O’Donnell continues, “I’m just up here taking photographs for my own edification, really. It’s great therapy and it fulfills my never-ending desire to be creative and I was content with that. But early on, Colleen encouraged me to enter a few of my photos in the state-wide Wisconsin Great Waters Photography and Writing Project sponsored by the Wisconsin Department of Natural Resources. One of my photos was selected as the cover for their 2019-2020 calendar. Over 80,000 copies were distributed at the State Fair and to visitors at every State Park. Now I have publishers calling me for licensing, (including the Irish American News), and there’s a book deal in the works. My framed images are on display in high-end restaurants up the peninsula and the only piece I ever submitted to a juried exhibit at the prestigious Hardy Gallery in Ephraim, was not only accepted, but sold to a collector in California.
His YouTube channel (Kevin O’Donnell Behind the Door), is part cultural vlog, part photo workshop, and part history lesson. He entertains and educates as he talks to camera taking his viewers on his rambles throughout the county; planning, scouting, and executing his photographs. “It’s like ‘ride-along’ storytelling!” He quips. “Time consuming? Yes.” (admitting that each minute of final video requires about 1 hour of editing), “but it’s very rewarding. I love it! I can shape the story as I go - often using 4 cameras at once combining not only video, but stereo audio, drone footage, creating sound design, and writing and recording voice-over. Each episode is its own story,” He adds. O’Donnell has published nearly 50 episodes of Behind The Door to date and many of the images taken on those adventures will be on display at his iBAM exhibition.
O’Donnell admits he’s surprised at this later-in-life success and prefers to maintain a low-key lifestyle. “The Door County pace and long winters take some getting used to. It’s not for everyone.” He said.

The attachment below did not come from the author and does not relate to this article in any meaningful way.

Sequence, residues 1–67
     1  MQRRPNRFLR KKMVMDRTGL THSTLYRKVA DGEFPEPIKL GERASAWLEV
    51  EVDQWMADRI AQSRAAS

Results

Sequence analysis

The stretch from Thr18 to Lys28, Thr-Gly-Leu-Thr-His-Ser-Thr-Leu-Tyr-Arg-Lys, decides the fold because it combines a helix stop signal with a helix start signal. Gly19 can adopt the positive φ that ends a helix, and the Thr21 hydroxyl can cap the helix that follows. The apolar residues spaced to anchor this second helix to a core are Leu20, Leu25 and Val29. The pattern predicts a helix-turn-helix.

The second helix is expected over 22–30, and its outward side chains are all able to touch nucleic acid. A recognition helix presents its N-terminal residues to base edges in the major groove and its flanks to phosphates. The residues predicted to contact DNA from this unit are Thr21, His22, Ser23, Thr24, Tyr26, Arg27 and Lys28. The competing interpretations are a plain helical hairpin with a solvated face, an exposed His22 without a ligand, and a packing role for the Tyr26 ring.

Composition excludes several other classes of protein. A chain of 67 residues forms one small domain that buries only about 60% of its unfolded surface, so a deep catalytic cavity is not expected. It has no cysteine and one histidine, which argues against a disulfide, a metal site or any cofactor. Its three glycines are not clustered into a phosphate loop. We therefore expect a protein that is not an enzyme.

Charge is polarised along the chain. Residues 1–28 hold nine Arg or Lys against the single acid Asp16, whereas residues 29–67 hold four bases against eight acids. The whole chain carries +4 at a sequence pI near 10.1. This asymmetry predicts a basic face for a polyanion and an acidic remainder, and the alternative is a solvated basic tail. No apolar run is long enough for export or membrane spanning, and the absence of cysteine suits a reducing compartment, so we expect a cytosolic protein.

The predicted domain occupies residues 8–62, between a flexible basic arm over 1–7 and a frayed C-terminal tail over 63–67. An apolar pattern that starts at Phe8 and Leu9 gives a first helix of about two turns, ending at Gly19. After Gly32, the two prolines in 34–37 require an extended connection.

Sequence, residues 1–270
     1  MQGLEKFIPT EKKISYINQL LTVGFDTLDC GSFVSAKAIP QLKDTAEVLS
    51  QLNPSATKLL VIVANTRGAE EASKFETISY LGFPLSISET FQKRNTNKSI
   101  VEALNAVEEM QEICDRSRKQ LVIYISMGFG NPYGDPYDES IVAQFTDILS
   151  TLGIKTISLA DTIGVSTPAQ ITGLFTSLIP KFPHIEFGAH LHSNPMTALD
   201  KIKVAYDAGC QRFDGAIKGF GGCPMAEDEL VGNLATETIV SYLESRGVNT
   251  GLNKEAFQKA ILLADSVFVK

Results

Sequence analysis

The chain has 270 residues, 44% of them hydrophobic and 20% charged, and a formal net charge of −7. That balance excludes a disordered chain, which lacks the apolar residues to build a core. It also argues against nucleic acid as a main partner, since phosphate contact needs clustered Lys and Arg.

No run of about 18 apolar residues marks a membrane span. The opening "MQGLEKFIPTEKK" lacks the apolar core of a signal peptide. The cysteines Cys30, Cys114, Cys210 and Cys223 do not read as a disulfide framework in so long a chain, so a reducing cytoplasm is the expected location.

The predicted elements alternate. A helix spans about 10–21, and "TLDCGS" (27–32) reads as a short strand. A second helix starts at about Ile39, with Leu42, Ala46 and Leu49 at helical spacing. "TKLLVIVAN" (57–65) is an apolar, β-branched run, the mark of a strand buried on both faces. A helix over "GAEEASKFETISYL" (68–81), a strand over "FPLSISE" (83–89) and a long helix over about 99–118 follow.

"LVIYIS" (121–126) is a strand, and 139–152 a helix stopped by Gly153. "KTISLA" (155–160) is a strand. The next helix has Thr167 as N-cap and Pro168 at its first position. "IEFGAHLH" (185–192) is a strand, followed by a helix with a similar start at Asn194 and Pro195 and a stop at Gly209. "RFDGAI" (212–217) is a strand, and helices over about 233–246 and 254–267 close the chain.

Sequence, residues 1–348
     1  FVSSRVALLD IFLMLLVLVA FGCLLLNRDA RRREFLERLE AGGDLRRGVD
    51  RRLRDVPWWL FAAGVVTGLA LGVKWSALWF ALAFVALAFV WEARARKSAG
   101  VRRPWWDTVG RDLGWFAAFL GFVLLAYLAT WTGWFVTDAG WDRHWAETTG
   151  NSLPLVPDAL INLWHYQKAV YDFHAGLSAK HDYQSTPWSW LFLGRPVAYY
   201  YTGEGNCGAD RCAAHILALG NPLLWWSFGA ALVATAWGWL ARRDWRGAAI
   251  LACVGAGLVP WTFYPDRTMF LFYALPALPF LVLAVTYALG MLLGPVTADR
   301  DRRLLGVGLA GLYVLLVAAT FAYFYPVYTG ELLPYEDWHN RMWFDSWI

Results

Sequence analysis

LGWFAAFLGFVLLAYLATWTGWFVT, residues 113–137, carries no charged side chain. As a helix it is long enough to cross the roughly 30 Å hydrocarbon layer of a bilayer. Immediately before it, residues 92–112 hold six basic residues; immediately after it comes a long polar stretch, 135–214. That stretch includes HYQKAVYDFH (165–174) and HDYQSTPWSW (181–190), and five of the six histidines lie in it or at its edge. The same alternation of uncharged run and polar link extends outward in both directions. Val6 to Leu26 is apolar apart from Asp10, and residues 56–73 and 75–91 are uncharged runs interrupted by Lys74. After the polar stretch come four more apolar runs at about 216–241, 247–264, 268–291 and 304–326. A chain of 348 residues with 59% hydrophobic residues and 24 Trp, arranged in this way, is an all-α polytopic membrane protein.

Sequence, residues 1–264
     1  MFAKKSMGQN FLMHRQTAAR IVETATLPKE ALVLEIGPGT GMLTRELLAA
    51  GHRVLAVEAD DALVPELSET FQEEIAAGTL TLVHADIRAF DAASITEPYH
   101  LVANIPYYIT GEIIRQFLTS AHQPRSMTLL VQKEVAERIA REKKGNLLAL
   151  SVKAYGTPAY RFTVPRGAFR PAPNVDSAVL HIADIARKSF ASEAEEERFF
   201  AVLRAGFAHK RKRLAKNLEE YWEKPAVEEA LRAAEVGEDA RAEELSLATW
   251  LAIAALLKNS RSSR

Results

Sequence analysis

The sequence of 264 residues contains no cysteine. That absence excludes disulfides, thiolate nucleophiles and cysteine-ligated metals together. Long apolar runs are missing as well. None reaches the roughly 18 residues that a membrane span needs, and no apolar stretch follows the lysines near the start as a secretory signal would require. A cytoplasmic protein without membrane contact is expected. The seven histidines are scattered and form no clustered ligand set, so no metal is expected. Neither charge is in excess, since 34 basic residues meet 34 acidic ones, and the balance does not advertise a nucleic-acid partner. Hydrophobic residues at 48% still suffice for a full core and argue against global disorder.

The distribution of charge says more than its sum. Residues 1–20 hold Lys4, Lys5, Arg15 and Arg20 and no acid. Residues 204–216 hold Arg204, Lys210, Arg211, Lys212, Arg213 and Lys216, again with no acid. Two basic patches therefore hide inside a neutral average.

“I often field questions from friends and relatives as to what the winters are like here? In a word,” He stated, “quiet.” And to be honest, no more severe than a Chicago winter, just longer. But that affords me the time to focus on and improve my storytelling skills. I recently had a 500 square foot studio built that looks out on to Lake Michigan - a space I use exclusively for my writing, my music, my photography, and now, my YouTube channel. It has proven to be like Miracle Grow® for my creative spirit. I am eager to return to Chicago and honored by the invitation of the IAHC to exhibit the latest in my life-long story-telling saga.
Kevin O’Donnell’s very limited edition fine art images will be available for purchase throughout iBAM with a portion of the proceeds benefiting the IAHC. All prints are on 100% cotton rag fine art paper, numbered, signed, and professionally framed using the highest quality archival components and include a Certificate of Authenticity.
Kevin O'Donnell is an award-winning author and photographer, YouTube content creator, and master story-teller. He moved to Door County in 2017 upon retiring from a thirty-seven year career as a packaging engineer in the pharmaceutical industry. His years of international travel during that time nurtured his interest in photography.
Kevin’s photographs have been featured in numerous publications; most recently: Wisconsin’s Great Waterways Calendar, The Door County GO Guide, and the cover of the Irish American News.
Over the past four years Kevin has been working on a collection of photographs and essays capturing the unique cultural, social, economic, historic, and natural diversity of the Door peninsula. The “Behind The Door” book is scheduled for publication in 2022.
In support of that project Kevin launched a YouTube channel late in 2021. “Kevin O’Donnell Behind The Door” is part vlog, part photographer’s workshop, and part history lesson. Each episode weaves a story of the diverse richness and beauty of the Door peninsula; “Things well beyond Highways 42 and 57 - and the reach of most tourists and visitors. It’s more about the year-rounders, the traditions, the culture, the disappearing Door.” He says.“Think: Norbert Blei, camera in hand, meets National Geographic.”
Door County’s unique maritime history and relationship with the iron ore boats are a particular favorite and what first drew him to the area.
Subjects hold secrets. Whether portraiture, landscapes, architecture, or industrial, I am challenged and intrigued by the stories they project. I often return multiple times to a subject until I am satisfied that I have visually related that story in a unique and visceral way.
My goal is not to capture a memory, but a moment. I’m happy to leave the picture post card photography to others.